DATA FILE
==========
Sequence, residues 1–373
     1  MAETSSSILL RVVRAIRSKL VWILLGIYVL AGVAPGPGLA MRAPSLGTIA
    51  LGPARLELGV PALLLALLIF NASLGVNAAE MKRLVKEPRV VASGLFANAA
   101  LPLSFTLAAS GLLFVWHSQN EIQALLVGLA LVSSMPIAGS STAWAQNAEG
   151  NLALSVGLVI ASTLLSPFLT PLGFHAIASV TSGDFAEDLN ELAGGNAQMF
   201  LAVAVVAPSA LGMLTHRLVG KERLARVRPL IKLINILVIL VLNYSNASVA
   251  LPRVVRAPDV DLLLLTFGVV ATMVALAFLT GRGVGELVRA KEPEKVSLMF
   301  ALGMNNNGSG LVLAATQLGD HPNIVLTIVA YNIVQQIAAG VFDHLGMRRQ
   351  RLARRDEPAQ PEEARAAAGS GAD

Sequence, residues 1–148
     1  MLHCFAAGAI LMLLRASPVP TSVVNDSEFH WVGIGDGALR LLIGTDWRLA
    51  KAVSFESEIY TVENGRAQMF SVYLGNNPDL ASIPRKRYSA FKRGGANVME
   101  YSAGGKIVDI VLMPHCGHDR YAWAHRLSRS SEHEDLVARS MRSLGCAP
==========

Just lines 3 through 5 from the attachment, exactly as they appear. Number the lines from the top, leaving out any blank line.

    51  LGPARLELGV PALLLALLIF NASLGVNAAE MKRLVKEPRV VASGLFANAA
   101  LPLSFTLAAS GLLFVWHSQN EIQALLVGLA LVSSMPIAGS STAWAQNAEG
   151  NLALSVGLVI ASTLLSPFLT PLGFHAIASV TSGDFAEDLN ELAGGNAQMF